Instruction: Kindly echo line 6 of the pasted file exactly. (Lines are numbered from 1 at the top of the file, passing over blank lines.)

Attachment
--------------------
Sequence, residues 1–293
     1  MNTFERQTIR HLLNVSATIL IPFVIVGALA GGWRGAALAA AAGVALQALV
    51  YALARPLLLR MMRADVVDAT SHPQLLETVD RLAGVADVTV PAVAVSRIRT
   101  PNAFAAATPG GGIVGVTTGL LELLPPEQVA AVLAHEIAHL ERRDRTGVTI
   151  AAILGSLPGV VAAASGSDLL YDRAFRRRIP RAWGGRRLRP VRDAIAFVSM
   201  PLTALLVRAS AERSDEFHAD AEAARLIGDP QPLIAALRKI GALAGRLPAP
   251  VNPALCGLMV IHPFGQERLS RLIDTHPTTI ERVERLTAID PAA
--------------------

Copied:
   201  PLTALLVRAS AERSDEFHAD AEAARLIGDP QPLIAALRKI GALAGRLPAP